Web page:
Tammy is a 29-year-old sugar baby who lives in Richmond, Virginia, and enjoys having her sugar daddies take her out to America's tried-and-true chain restaurants. Need a girl to go to Outback with? This girl is all about the bloomin' onions.
Photo via Flickr user Michael Saechang
A sugar baby is a young male or female who is financially pampered and cared for by a sugar daddy or sugar mommy in exchange for companionship. Welcome back to Sugar Babies, a column about sugar babies and the food they eat on dates.
Tammy is 29 and lives in a suburb of Richmond, Virginia. As a day job, she works in the music industry, but she's been been supplementing her income as a sugar baby for a few years now. We became internet friends about a year ago when she submitted an advice question to my blog, Slutever, asking "When is the appropriate time to tell a guy you're dating that you moonlight as a sex worker?"
God, being a modern woman is so hard...
MUNCHIES: What's a first date with a sugar daddy usually like for you? Tammy: First, we meet in public. It's safer that way and it's good to hang out, because I'm not going to commit to seeing someone once a week if I don't like spending time with him. So it's almost like a first date. But when you meet someone off a sugar daddy site, it's an arrangement—it's not a "regular" date—so you're suppose to do something special for your SB. It's normally a good sign if the guy brings you a gift on the first meeting—one guy gave me an iPad, a lot of guys will give you like $100 for showing up to eat with them, or maybe a nice bottle of liquor whatever. I have to drive to some of my meetings—either into Richmond, which takes 30 minutes, or to Northern Virginia which is over an hour—so if you're not going to throw me something to compensate for the time and money it took to travel, then you're not going to be a good sugar daddy, ya know?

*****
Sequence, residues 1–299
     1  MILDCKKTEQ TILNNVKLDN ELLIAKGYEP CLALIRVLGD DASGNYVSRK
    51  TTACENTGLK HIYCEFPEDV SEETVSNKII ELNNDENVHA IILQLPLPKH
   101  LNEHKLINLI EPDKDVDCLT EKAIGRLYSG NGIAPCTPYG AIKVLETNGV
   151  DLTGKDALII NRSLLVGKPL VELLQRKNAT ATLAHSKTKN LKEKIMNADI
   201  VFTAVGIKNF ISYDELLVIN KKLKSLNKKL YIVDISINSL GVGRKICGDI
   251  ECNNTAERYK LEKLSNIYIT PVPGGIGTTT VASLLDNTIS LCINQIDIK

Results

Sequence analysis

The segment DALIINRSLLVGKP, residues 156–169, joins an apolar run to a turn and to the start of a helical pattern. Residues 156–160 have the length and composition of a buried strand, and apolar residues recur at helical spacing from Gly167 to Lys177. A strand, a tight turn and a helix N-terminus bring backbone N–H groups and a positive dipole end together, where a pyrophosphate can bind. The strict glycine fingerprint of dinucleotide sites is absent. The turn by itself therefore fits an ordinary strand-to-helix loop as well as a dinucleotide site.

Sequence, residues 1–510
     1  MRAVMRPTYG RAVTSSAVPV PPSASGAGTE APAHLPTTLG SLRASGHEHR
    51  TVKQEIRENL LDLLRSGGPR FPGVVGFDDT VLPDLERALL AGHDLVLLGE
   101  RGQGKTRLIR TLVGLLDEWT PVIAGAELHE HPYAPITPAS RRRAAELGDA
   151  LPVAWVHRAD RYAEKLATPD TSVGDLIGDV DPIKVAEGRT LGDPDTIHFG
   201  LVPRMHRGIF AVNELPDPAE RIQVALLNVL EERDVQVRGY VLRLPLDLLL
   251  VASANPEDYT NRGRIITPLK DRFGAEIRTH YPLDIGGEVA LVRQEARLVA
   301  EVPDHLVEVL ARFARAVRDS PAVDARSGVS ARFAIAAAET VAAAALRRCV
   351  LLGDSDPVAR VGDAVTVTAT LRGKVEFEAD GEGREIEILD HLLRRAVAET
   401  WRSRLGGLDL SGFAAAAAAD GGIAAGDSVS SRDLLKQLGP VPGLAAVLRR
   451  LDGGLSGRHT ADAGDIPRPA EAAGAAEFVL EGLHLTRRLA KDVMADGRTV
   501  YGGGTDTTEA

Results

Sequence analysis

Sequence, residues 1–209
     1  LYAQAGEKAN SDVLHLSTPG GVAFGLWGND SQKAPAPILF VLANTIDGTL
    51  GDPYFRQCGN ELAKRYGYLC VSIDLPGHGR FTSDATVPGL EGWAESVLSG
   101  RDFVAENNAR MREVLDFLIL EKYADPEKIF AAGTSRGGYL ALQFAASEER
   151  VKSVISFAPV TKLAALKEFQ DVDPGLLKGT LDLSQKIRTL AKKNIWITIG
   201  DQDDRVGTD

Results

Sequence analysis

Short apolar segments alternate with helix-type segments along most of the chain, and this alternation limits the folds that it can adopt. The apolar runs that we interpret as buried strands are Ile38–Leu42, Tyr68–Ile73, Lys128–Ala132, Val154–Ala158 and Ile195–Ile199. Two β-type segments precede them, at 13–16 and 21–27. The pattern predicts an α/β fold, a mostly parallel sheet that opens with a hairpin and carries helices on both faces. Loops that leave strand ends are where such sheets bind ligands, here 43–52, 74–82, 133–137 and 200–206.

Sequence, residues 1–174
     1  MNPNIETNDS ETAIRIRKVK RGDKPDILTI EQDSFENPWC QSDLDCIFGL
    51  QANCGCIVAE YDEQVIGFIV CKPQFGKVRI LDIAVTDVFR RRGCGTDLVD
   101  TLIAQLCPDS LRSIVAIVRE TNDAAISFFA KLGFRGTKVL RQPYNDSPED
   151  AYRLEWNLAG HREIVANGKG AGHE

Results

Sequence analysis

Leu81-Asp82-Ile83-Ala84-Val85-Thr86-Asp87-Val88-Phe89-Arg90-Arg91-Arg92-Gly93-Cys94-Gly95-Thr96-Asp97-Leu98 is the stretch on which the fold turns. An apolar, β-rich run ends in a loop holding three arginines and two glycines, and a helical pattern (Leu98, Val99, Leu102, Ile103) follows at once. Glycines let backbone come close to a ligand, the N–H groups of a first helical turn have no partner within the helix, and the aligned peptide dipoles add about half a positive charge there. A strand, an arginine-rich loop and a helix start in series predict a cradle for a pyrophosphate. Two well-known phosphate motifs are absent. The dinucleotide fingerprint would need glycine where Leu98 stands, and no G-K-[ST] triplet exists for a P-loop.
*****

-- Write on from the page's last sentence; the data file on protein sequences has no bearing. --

When you started being a sugar baby, was being wined and dined part of the experience you were looking for? Honestly, not really. I was looking more to meet in hotels, or at one of our homes. Most of the guys are married, so in a smaller, rural area like where I live, it's hard for them to go out in public. And I don't want to run into anyone I know, either. My friends all hang out at the local bars and restaurants downtown, so I normally suggest we meet at chain restaurants: Ruby Tuesday, Outback Steakhouse, Chili's, etc.
Those places can be fun occasionally though. Like when I go visit my parents they always want to go to Applebee's, and I don't argue because once in a while, a giant plate of boneless chicken wings covered in bleu cheese dressing is a really good thing. Yeah, exactly, I like eating at those places, and my friends would never agree to go with me because they're not, like, vegan or organic and don't have gluten-free options or whatever. Also, those chains are always well populated, so it feels really safe. I like Outback because it's a bit darker in there; places like Ruby Tuesday and Applebee's are always lit so brightly and it's really unflattering.